Noting that SM and Paul Smith have made comments about the UI
and threat model problems that parallel mine, I won't repeat
myself about that. But one additional observation that I should
have included earlier:
--On Wednesday, October 16, 2013 10:30 -0700 Wei Chuang
I do like the idea of using several tiers - but also wonder
what the implications will be when you demand tier 2 or
higher and I can only provide tier 1 security. Won't this
just mean emails get bounced all over the Internet?
It will mean that there will be more bounced mail. But I
would argue that this is what the user desired as described
In general, the only thing that users (a distinct from very
technical and knowledgeable people who also use email) desire is
that the mail go through. They may also desire that it go
through securely and privately but, if one gets down to "if that
can't happen, what general policy would you prefer", most of
them will tune out and most of those who don't will tell you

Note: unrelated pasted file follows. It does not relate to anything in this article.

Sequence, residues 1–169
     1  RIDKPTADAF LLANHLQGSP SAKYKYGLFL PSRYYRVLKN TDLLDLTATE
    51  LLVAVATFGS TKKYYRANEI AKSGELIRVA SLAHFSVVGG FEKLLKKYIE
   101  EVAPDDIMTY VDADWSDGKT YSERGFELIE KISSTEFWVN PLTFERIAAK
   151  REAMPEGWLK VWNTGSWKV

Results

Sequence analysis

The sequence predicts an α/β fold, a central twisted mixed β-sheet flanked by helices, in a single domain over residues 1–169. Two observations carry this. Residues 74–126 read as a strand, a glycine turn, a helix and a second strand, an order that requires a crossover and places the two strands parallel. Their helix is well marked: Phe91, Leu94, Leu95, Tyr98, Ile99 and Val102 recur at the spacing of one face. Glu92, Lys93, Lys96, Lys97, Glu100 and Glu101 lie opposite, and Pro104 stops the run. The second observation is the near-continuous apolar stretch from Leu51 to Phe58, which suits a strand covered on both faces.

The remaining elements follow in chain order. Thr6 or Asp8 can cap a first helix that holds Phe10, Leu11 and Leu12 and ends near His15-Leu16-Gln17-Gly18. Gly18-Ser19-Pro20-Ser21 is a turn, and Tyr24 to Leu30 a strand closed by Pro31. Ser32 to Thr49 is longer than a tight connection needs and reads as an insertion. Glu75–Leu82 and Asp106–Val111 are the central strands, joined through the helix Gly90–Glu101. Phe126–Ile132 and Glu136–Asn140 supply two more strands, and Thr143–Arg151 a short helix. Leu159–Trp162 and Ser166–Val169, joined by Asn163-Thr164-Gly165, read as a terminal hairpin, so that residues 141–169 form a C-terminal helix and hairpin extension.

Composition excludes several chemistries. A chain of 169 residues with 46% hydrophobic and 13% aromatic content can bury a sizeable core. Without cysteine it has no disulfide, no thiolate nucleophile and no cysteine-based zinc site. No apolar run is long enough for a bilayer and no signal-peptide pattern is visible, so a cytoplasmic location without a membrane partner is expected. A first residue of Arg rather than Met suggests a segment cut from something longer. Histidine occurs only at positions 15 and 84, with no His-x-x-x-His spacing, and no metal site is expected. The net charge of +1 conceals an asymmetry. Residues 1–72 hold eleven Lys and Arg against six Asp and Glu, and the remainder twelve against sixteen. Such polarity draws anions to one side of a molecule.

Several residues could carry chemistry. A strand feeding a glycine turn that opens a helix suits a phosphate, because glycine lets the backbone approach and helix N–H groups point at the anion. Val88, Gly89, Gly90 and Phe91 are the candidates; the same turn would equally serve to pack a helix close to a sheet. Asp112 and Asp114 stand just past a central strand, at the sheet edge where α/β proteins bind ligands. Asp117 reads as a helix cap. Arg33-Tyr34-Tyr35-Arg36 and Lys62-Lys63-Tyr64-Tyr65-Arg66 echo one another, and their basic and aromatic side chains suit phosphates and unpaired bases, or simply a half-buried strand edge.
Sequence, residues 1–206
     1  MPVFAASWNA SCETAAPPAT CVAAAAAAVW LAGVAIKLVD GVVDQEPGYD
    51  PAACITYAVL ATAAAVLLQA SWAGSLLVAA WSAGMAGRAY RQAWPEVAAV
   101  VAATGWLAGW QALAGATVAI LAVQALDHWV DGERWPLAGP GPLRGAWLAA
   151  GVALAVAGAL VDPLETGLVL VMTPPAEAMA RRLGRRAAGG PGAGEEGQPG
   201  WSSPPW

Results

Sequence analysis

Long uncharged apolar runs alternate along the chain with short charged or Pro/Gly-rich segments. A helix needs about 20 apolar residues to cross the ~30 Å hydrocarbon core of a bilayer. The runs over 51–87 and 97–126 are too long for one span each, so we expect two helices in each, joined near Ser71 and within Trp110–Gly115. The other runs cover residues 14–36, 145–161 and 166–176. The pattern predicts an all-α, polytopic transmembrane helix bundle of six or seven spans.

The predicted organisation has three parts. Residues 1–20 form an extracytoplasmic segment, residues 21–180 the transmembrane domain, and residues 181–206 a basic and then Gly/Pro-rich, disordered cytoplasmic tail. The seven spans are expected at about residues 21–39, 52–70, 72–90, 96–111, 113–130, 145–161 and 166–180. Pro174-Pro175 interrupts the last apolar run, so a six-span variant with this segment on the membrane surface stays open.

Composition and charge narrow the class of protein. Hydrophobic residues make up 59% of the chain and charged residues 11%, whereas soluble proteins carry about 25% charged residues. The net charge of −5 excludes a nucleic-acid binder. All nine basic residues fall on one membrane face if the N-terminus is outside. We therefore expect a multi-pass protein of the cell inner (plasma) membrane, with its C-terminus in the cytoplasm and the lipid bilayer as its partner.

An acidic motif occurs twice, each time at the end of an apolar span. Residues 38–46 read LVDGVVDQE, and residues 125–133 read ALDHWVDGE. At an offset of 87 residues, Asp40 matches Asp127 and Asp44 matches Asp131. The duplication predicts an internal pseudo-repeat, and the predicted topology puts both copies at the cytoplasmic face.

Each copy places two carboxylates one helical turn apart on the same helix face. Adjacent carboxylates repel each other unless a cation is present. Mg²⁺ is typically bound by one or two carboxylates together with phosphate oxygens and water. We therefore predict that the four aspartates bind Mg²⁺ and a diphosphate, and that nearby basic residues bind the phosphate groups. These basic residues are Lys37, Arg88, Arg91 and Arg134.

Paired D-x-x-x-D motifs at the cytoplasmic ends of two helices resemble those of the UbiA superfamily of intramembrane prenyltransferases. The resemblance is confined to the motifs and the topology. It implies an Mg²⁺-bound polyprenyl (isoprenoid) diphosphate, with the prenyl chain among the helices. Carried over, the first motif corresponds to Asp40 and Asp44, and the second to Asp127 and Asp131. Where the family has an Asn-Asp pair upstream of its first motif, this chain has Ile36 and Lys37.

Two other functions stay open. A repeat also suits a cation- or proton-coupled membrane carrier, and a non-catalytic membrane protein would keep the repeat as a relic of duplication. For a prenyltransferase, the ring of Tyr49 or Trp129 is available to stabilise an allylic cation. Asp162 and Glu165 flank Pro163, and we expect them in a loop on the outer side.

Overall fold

that it differs case by case and then get impatient if you make
them specify per-message options.
Most of them will also tell you that, if the message doesn't get
delivered (that is part of "mail goes through"), they want an
absolute guarantee that they find out about it rather than
assuming the recipient got a message that recipient never saw.
That is where things get really hard because we have moved into
a world in which concern about blowback attacks causes a lot of
mail to be discarded rather than bounced back to the originator.
It seems to me that you can't control that behavior. At least I
didn't find anything in the current draft that addresses it.
It would be interesting if a server that advertises MSMD or a
client that requested it would be required to guarantee to
actually generate and transmit bounce messages rather than
discarding bad mail, but I haven't attempted to do enough case
analysis to guess whether that would be effective.
Given where you and your colleagues work, it may be appropriate
to note that, empirically, gmail is one of the systems that
cannot be relied upon to generate and deliver NDNs.
With the current spec as I understand it, you can continue to
say "bounce", since that is what you intend but, in thinking
about the protocol, you should understand every instance of
"user gets a bounce message" as "user gets a bounce message
unless that notification is discarded or disappears, which will
happen sometimes for no obvious reason".
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